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Sims, J. (2019). Ethical Research with Hard-to-Reach Groups. In R. Iphofen (Ed.), Handbook of Research Ethics and Scientific Integrity (p. pp 1-14). Springer. https://doi.org/10.1007/978-3-319-76040-7_32-1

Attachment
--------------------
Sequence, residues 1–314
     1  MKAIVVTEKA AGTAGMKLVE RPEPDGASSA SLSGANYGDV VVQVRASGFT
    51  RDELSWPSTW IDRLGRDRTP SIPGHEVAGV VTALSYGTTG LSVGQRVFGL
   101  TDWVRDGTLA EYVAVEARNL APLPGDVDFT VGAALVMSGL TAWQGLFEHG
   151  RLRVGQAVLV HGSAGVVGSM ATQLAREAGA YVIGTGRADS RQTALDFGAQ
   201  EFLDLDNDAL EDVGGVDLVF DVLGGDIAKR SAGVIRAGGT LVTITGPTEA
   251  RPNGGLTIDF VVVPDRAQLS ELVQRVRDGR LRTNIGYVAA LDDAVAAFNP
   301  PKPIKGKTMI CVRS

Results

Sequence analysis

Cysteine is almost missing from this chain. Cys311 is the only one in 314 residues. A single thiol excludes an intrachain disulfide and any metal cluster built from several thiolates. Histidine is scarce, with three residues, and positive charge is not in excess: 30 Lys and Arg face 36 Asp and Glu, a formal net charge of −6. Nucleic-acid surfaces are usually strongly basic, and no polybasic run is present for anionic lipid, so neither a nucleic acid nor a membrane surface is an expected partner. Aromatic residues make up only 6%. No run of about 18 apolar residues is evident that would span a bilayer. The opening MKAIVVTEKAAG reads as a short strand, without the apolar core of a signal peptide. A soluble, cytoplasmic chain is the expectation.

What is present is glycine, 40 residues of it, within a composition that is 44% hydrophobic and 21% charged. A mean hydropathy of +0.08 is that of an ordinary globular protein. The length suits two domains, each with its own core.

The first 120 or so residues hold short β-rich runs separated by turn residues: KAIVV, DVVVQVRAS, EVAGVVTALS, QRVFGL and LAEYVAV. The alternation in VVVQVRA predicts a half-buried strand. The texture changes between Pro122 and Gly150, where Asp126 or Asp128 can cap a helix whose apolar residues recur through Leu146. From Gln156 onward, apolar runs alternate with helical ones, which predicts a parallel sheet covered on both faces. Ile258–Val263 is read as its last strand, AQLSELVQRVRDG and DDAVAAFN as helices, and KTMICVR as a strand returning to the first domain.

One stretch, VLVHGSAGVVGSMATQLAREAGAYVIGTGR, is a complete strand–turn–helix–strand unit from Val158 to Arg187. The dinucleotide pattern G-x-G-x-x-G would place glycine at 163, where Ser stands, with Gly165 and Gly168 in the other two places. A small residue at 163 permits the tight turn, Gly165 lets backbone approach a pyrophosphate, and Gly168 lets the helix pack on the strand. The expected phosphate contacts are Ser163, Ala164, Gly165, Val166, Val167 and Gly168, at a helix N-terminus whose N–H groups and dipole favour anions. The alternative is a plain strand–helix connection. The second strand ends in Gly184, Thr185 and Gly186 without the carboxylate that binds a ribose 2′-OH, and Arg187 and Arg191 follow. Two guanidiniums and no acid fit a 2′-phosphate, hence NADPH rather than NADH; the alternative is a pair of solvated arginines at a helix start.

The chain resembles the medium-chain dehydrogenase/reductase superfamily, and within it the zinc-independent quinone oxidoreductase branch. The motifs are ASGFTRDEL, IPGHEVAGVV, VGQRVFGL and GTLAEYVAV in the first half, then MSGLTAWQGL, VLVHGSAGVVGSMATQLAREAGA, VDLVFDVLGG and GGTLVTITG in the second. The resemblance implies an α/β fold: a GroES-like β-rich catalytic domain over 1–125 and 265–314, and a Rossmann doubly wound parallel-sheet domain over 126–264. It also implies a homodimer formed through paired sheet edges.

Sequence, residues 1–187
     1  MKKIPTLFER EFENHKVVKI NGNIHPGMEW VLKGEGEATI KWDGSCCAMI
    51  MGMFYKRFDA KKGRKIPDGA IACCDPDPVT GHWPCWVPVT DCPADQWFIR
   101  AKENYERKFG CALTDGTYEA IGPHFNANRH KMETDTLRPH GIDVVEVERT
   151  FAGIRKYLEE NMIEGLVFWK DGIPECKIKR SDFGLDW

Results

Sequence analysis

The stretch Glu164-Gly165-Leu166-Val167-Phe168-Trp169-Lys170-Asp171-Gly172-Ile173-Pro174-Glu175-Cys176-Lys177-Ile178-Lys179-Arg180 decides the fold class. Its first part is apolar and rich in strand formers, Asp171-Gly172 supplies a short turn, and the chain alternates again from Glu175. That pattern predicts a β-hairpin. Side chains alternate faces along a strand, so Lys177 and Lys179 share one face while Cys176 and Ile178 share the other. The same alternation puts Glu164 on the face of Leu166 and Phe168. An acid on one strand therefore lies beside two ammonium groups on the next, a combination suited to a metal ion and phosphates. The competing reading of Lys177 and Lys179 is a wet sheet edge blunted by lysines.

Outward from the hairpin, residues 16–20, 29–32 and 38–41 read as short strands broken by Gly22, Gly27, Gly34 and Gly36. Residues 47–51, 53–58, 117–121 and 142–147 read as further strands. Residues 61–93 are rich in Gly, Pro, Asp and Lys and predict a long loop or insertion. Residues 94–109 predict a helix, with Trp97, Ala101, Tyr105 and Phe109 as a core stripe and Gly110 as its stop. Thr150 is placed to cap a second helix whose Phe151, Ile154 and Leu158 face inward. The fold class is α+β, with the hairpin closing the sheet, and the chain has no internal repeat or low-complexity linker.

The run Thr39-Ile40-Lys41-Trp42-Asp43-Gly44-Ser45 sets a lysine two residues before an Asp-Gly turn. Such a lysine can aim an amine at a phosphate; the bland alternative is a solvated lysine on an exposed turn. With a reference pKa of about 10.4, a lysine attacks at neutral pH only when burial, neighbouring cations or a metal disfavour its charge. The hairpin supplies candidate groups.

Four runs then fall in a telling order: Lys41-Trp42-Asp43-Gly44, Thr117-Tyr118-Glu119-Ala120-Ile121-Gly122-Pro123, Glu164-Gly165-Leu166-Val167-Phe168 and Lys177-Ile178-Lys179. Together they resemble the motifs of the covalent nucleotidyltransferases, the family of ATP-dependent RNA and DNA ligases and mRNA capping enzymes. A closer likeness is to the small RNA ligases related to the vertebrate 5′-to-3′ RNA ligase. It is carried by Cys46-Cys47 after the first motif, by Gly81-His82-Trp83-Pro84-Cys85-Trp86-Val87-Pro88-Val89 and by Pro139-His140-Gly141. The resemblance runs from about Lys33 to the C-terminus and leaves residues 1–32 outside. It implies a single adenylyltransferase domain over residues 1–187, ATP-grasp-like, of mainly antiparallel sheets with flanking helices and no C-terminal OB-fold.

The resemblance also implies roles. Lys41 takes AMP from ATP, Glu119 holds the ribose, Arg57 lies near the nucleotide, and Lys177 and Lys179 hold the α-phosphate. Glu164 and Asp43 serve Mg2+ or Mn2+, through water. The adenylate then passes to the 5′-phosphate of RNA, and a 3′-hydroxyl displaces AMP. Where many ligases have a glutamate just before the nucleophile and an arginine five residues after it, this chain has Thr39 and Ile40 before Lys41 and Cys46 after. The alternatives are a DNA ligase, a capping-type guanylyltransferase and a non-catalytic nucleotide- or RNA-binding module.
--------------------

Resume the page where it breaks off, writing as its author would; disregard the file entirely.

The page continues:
Individuals engaging in substance misuse present health and allied professions with a range of complex challenges that often reflect lifestyles of chaos and high risk-taking behaviors, fueled by high levels of impulsivity. By its very nature, substance misuse is antisocial and often takes place out of sight and often as part of the “nighttime economy.” Thus, people who have substance misuse problems are difficult to reach both to understand and to help. Illicit drug taking, being both anti-social and illegal is frequently associated with other illegal activities such as dealing to others, prostitution and other acquisitive criminal behaviour. The ‘membership’ concepts of in-group vs out-group apply to their actions. This raises issues with regard to trusting others sufficiently to allow them access for research and for assistance. This chapter examines some of these issues in order to develop a deeper understanding of the needs of the group as a way to enhance understanding of such behavior and thereby facilitate positive behavioral change to achieve a reduction in potential harm and enable these individuals to achieve their fullest potential by accessing appropriate treatment and care. Using the example of substance misuse, this chapter illustrates what makes groups and/or individuals “hard to reach” both for research purposes and subsequently to offer assistance. Ethical research in such cases has to balance issues of “access” with “understanding” and “support.”